For the homeowner attempting to reconcile future market value of their home versus costs, the calculation can seem daunting.  All living arrangements carry an expense, but we have grown accustomed to expecting others (potential buyers, appraisers, lenders) to share our perspective of our home’s dollar value, even without considering the emotional value that we tend to add on top of the market.  After all, a home is where the experiences of family are most immediate, and we cherish that history.  

So how does one account for how much to spend on updating and enhancing structures and interiors when some portion of what we spend may be an expense instead of an investment?  Probably the same way one arrives at any difficult decision—decide on what is most important in your particular situation, gather information, sort options, and then decide.  Having made the best decision you can based on the information available at the time, don’t look back.  You’ll go nuts trying to control the uncontrollable, of which everything that lies in the past is included!  Spend on what is most important to YOU, and save on what you care the least about in terms of your home experience.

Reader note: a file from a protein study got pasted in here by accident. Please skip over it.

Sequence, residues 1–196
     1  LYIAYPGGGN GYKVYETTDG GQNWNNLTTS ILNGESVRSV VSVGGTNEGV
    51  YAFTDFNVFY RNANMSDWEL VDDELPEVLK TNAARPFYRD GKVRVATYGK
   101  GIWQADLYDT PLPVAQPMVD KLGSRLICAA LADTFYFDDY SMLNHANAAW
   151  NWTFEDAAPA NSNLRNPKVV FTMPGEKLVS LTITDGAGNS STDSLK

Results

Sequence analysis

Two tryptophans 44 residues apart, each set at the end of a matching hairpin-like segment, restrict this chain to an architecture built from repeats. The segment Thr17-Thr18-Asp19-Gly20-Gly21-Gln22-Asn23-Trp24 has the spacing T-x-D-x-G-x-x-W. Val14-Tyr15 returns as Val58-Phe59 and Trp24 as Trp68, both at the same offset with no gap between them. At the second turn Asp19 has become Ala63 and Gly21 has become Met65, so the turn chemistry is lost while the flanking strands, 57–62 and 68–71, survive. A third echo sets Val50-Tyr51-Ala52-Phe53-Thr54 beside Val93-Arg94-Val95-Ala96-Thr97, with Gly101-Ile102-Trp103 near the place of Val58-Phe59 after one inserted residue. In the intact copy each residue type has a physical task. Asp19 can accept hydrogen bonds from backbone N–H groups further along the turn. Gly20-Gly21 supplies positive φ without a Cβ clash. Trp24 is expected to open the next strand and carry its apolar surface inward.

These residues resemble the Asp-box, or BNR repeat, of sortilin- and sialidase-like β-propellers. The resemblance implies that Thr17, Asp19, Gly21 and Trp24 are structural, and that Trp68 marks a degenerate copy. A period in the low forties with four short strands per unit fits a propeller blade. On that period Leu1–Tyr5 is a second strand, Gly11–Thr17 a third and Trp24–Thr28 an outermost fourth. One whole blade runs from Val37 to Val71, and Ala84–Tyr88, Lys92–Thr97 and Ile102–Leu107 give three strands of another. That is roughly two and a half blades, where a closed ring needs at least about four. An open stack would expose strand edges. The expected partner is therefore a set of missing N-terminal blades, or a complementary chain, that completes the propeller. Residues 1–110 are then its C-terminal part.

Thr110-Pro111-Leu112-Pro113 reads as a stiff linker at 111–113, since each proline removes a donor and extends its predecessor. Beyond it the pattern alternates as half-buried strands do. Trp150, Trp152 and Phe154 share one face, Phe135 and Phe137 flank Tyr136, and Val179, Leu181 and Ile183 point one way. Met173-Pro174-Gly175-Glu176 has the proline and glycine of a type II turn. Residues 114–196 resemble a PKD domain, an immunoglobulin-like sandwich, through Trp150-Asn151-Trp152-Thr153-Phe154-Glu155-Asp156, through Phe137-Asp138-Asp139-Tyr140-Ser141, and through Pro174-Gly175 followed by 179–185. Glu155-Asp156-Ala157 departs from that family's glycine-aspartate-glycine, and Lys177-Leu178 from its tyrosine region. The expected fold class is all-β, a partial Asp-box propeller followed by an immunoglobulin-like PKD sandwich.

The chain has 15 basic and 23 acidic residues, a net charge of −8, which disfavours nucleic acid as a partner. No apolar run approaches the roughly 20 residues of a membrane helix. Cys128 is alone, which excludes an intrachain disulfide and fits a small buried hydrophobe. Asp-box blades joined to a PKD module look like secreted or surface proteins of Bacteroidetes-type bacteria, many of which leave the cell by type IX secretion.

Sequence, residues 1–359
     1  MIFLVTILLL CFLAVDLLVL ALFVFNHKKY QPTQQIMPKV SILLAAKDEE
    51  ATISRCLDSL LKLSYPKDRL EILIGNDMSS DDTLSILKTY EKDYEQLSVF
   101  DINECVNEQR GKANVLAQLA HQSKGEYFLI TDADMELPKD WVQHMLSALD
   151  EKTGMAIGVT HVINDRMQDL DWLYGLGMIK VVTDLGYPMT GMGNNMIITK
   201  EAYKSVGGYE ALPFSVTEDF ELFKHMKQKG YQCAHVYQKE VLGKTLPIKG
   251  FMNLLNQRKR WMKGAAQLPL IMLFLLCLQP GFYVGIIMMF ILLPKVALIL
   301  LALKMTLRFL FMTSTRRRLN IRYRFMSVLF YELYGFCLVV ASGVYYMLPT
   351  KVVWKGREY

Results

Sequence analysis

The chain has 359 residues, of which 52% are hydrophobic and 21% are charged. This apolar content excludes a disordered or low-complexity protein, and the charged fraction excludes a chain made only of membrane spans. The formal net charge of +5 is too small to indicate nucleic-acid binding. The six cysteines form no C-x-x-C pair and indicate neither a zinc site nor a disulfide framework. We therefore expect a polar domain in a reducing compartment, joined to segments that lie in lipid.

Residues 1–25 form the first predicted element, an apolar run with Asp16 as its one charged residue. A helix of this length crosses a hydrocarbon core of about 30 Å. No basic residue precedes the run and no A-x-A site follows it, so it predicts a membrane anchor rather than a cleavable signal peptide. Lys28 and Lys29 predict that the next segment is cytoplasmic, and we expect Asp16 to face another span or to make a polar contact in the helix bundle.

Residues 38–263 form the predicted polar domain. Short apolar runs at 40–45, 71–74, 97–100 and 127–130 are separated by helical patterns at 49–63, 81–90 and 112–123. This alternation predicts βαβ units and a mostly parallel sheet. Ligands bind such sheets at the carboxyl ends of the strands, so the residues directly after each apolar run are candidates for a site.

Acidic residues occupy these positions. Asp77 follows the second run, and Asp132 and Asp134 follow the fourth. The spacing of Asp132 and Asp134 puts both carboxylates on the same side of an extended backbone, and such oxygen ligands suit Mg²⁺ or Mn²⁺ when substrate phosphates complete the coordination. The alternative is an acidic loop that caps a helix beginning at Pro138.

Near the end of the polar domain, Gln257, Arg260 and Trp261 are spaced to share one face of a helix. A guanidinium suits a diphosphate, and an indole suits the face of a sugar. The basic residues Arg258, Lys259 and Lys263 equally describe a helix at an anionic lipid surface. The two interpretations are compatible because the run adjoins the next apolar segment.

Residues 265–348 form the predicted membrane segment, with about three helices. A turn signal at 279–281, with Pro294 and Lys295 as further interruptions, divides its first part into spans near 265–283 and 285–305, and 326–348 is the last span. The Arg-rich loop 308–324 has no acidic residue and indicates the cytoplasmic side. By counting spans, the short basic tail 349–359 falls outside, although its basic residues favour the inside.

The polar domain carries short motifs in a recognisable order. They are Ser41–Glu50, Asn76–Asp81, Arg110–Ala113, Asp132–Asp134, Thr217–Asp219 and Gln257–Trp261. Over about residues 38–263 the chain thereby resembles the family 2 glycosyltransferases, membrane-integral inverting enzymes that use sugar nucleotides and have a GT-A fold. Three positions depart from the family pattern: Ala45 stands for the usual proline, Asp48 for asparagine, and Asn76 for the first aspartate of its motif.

For the builder who is carrying on in this business climate, the choices can also be difficult; however, in business a calculation based on emotion may end an enterprise.  If we can’t make a profit that allows us to build our business, then there is little point in being in the building business.  Just turning over dollars to stay busy is operating at a loss, because the liability factor in creating a custom home using thousands of components, any one of which could unexpectedly underperform, carries a risk to the business that must also be accounted for.  As a homeowner, you certainly want your contractor to be available in the future, because houses can be depended upon to need fixing, even if they can’t be depended upon to go up in market value. 

To sum up this philosophy, you can use the same decision making strategies that would be prudent in any decision of importance.  Be as honest as possible about what is important to you and why, and make choices that are reasonably calculated to return whatever proportion of resale versus expense that you are comfortable with.  Borrow the least amount that still gets the job done, give yourself credit for your efforts, live happy, and don’t look back…except to remember fondly that you purchased a chance at history that only you could make.